An independent panel of experts in steel structures, fracture mechanics and metallurgy is reviewing every step taken by the Transbay Joint Powers Authority team investigating the cause of two cracked girders at the Salesforce Transit Center in San Francisco. TJPA, which opened the 4.5-block-long depot on Aug. 12, shuttered it on Sept. 25, after a ceiling installer noticed a deep fissure in one of the twin girders spanning 80 ft across Fremont Street.
Specimens, called coupons, of the cracked areas in the girders’ bottom flanges are under scrutiny at LPI Inc. in New York City. TJPA expects to have the results of the LPI investigation by the end of November. Concurrent with testing and analysis, the TJPA team is considering various potential repair strategies, "to expedite the construction schedule once a cause is determined," said TJPA, in a statement released Nov. 27.
Initiating discontinuity, material fracture toughness and the level of stress in the regions of the cracks “all play a role in brittle fracture and are being looked at under the microscope,” says Michael D. Engelhardt, a professor of civil engineering at the University of Texas, Austin, and the chair of the peer review panel.
The Metropolitan Transportation Commission assembled the panel in October, at the joint request of San Francisco City and County Mayor London N. Breed and Oakland Mayor Libby Schaaf. MTC is the transportation planning, financing and coordinating agency for the nine-county San Francisco Bay Area.
The panel’s job is to review the findings from LPI and the results of the finite element analysis from LPI and the hub’s structural engineer Thornton Tomasetti. The panel is not charged with investigating, says Engelhardt, who declines to speculate about the specific causes of the failures.
Veterans of Structural Investigations
Engelhardt is a veteran of structural investigations. He was an ENR newsmaker in 1994, after 1994’s Northridge earthquake in Los Angeles, which caused numerous welds to come unzipped at connections of steel frames. Under enormous time pressure, Engelhardt devised an economical, laboratory-tested seismic-resistant moment connection, with horizontal cover plates reinforcing beam flanges, to solve the cracked weld problem for new construction.
Another MTC panel member and veteran of structural investigations is John W. Fisher, professor emeritus of civil engineering at Lehigh University. Fisher, one of the world’s foremost fracture mechanics experts, was ENR’s Man of the Year in 1987 for advancing steel technology by investigating problems such as welding jumbo steel shapes in tension.
Other panel members are Brian Kozy, principal engineer of the Federal Highway Administration; Thomas A. Sabol, a principal at Englekirk Structural Engineers and an adjunct professor of civil engineering at the University of California, Los Angeles; and fabrication expert Robert E. Shaw Jr., president of the Steel Structures Technology Center and a member of the structural welding committee of the American Welding Society.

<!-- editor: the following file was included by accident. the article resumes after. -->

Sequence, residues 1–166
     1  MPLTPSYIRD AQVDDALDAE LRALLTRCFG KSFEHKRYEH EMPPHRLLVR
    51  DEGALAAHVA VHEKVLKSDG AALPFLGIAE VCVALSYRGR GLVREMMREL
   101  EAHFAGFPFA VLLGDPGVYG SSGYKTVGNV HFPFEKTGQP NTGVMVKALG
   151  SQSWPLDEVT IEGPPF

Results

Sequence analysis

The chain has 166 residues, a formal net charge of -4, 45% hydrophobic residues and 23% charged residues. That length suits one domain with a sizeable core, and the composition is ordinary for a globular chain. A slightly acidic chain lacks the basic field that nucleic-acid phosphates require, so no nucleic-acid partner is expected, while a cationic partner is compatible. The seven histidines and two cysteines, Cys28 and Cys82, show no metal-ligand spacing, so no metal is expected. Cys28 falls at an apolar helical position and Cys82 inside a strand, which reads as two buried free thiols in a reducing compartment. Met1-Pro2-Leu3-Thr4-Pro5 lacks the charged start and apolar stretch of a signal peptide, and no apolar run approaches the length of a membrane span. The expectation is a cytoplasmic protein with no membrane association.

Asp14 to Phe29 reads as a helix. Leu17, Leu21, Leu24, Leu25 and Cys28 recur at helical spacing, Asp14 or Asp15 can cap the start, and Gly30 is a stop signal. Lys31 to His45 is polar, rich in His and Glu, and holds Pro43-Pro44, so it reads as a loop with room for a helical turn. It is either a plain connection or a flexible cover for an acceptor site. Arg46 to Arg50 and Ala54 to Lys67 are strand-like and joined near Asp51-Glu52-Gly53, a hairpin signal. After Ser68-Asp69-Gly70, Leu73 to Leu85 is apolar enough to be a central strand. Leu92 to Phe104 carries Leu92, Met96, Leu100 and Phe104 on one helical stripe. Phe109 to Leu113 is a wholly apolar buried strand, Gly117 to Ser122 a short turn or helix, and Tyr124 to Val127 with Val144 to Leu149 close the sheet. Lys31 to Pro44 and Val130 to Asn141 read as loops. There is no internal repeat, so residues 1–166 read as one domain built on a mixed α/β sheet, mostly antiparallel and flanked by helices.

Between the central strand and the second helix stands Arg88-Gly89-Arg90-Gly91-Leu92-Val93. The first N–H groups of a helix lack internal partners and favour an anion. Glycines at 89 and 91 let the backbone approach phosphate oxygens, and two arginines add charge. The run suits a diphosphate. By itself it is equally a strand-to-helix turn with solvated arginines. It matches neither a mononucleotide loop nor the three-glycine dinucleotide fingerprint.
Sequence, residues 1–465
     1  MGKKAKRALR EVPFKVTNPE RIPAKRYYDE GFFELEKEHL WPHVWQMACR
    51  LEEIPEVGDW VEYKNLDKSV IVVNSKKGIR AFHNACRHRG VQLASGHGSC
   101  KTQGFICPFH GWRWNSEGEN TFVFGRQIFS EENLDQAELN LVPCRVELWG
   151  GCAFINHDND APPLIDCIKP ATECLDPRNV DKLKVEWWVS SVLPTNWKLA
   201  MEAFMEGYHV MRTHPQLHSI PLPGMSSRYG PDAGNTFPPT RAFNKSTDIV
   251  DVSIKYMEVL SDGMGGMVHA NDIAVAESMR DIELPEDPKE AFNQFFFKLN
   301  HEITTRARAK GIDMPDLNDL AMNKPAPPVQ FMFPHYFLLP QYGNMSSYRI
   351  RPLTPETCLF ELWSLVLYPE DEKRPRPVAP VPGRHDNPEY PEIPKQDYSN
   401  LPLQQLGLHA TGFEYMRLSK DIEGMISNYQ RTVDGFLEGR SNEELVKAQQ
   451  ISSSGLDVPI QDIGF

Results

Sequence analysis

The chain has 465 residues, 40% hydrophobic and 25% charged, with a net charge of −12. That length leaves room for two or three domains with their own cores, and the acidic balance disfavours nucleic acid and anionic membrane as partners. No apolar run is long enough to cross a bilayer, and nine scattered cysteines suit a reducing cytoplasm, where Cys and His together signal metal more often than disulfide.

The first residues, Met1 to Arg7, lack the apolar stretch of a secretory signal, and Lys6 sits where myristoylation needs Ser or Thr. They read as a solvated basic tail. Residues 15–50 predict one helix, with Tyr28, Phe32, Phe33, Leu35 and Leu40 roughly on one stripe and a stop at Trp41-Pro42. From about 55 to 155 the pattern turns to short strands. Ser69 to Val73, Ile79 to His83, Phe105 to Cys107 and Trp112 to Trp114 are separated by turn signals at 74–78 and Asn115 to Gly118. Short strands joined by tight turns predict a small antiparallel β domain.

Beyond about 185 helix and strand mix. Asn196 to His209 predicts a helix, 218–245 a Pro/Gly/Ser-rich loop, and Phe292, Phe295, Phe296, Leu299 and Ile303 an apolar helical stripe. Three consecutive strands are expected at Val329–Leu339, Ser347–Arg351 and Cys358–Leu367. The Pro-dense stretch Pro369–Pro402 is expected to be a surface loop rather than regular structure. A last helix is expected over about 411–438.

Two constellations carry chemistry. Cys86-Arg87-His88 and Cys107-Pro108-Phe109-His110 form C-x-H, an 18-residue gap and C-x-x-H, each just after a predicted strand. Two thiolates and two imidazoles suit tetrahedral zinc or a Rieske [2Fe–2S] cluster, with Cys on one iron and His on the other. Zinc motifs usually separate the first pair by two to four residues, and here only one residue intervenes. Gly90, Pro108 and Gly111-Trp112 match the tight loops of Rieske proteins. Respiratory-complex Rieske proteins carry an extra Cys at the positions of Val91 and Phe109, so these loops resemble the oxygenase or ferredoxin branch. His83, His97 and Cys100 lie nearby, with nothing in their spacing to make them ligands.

Before the problems surfaced, the 1.2-million-sq-ft transit center was functioning as a bus depot, with three levels above grade and a 5.4-acre rooftop park. The third-floor Fremont Street tapered plate girders, which span north-south, support the park directly above and the second-floor bus level—via a hanger at the midspan—directly below the girder level.
In a joint Oct. 4 letter to Steve Heminger, MTC’s executive director, the mayors said, “There are many questions about what might have caused the [girders] to crack, who might be responsible, and how the [girders] will be repaired…. These questions must be answered quickly and the public needs to trust the answers.”
The letter requests that MTC form the panel to review and verify the findings of the TJPA team’s analysis. “It is critical to the constituents of our cities and our region that there be confidence in the findings” of the TJPA analysis, said the mayors in the letter.
The MTC panel’s scope of work included a review of the load capacity of the girders' emergency shoring systems, before they were installed under the girders on Fremont Street and under a similar girder system that spans First Street. The First Street girders have not cracked. Shoring there was installed as a precautionary measure.
The panel also reviewed the sampling and testing plan for the material cut from the fractured girders. This meant participating in decisions about which girder material should be removed and sent to LPI, to avoid “destroying forensic evidence,” says Engelhardt.
In addition to reviewing the cause of the failures, as informed by the material test results and design analysis, the panel will review the current condition of the depot's structural elements directly affected by the steel fractures. This is to assure the final structure is safe after the repair. “We provide input on elements that need to be examined,” says Engelhardt.
When the cracks initiated, there was no collapse. Likely, there was a redistribution of the load, agree the investigators. The analysis of the load redistribution, another part of the investigation, is important to make sure other structural elements in the region of the girders did not subsequently become overstressed, says Engelhardt. “The girders frame into other members, which need to be looked at for due diligence,” he adds.
Finally, the MTC panel will review the repair solution, as informed by the cause of the fractures and the current conditions of the structure in the region of the fractures.
Engelhardt says: “There has been total consensus” reached at each step along the way between the MTC panel and TJPA investigators, which include the hub’s original structural peer reviewers.